“Norman Lear: Just Another Version of You” wants to remind you again, and again, and again that Norman Lear is a genius. Lear, the prolific writer and producer behind the shows “All in the Family,” “Maude,” “Good Times,” and “The Jeffersons,” is still sharp and driven at age 93, and filmmakers Rachel Grady and Heidi Ewing delve into Lear’s long career by mostly letting the man speak for himself.
When “Norman Lear: Just Another Version of You” is focused on Lear talking about his work, it’s hard to not get swept up in it all — Lear is witty and charming as he recalls his storied work, and Grady and Ewing punctuate it all with clips from the man’s cavalcade of shows. “All in the Family,” arguably Lear’s best-known work, gets the most attention: by bringing “lovable bigot” Archie Bunker into the homes of Americans everywhere, Lear changed the face of television at a time when harmless and mostly brainless shows like “The Flying Nun” were the standard. With cutting satire, “All in the Family” brought about a brave new world for situation comedy, and from there Lear would spearhead a show that tackled issues like women’s rights (“Maude”), bring about the first show to prominently feature an African American family (“Good Times”), and eventually step away from television entirely to focus on sociopolitical issues and combat the rising tide of the so-called Moral Majority.
Lear’s work was no doubt important, and there are plenty of interviews here with colleagues and fans like Rob Reiner and George Clooney who state as much, but ‘Just Another Version of You’ falters in how it conveys all of this. It’s one thing to have George Clooney sit in front of a backdrop and say that Lear changed the face of television; it’s another to delve further and reveal the extent of the change Lear brought about. There’s also an unfortunate tidiness to the doc — the battles Lear had with the networks (in interviews, Lear has said that the network kept trying to pull “All In the Family” all the way up to the last 20 minutes before it aired) and the censors only get a peripheral mention, and the details on just how Lear went about creating all of his shows are glossed over entirely. The result is something more akin to hagiography; it’s hard to fault Grady and Ewing for this approach, since Lear is clearly a pretty great guy and one hell of a writer, but some more exploration into what makes Lear and his work tick would go a long way.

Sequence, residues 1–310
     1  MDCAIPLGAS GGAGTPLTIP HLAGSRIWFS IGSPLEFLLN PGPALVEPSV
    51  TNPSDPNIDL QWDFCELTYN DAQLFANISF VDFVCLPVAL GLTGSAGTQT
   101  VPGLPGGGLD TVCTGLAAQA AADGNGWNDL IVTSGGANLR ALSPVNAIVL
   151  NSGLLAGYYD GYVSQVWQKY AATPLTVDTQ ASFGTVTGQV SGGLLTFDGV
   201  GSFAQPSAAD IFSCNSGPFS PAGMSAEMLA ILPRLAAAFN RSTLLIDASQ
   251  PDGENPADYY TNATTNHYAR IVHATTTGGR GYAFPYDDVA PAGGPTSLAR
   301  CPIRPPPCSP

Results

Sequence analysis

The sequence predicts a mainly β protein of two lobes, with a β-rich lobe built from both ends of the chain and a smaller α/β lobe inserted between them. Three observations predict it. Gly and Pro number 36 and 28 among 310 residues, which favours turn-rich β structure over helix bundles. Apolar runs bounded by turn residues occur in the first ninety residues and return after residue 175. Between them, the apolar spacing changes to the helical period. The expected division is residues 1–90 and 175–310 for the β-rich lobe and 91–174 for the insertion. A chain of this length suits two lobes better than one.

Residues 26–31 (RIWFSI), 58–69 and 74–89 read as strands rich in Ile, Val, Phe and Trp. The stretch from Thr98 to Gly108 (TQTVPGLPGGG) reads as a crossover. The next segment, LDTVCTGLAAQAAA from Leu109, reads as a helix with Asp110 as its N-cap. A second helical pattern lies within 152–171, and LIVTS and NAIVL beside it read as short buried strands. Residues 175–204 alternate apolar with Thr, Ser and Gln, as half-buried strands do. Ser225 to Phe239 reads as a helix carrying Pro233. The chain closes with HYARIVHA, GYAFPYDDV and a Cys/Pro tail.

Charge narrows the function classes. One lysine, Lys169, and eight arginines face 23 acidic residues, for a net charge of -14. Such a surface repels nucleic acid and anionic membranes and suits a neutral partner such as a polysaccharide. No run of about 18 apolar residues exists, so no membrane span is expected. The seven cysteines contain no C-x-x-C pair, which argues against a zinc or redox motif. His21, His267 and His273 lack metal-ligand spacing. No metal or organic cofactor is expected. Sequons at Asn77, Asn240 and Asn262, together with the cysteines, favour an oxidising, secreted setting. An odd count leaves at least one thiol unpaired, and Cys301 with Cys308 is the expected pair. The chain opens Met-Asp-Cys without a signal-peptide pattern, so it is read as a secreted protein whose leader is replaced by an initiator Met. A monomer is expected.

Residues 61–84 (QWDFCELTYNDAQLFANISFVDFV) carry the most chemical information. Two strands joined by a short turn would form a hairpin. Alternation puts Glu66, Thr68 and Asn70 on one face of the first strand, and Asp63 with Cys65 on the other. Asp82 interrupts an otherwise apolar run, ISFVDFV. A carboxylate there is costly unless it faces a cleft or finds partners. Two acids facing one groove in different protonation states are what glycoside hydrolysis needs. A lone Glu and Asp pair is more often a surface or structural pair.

Not content to sit back and present an uncinematic talking-head documentary, Grady and Ewing make the stylistic choice to have a young actor playing Lear as a child, donning Lear’s trademark hat, in clips cut through the film at odd intervals. At first interesting, this device mostly proves to be inert and dull — something that would be more at home in a stage show than a documentary.
While the flaws of “Norman Lear: Just Another Version of You” aren’t detrimental, they’re amplified by the fact that they stand out sharply against the better elements. When the film works, it really works, such as when Lear talks about his strained childhood with his Archie Bunker-like father, a man who was prone to telling people to “stifle” themselves just like Bunker was. During the final moments, an “All in the Family” clip unfolds showing Carroll O’Connor’s Archie speaking emotionally about his own abusive father. O’Connor’s brilliant, reflective acting is complemented with Lear, who tears up as he watches the clip remembering both the late actor O’Connor and his own father. Another moment involves Lear revealing that a much-repeated family anecdote he rattled off for countless interviews and presentations was actually a lie he made up to present a more idealized version of his childhood. These are the moments of ‘Just Another Version of You’ that really sing and resonate, and if Grady and Ewing had more of them and less effusive praise from fans and family, this could’ve been something truly special. Lear’s talent and achievements are beyond reproach. We accept his brilliance, even without a parade of interviewees reminding us so. If you’ve never heard of Lear or his work, “Norman Lear: Just Another Version of You” is a nice introduction to his greatest hits. Those looking for something with more depth might have to stifle themselves. [B-]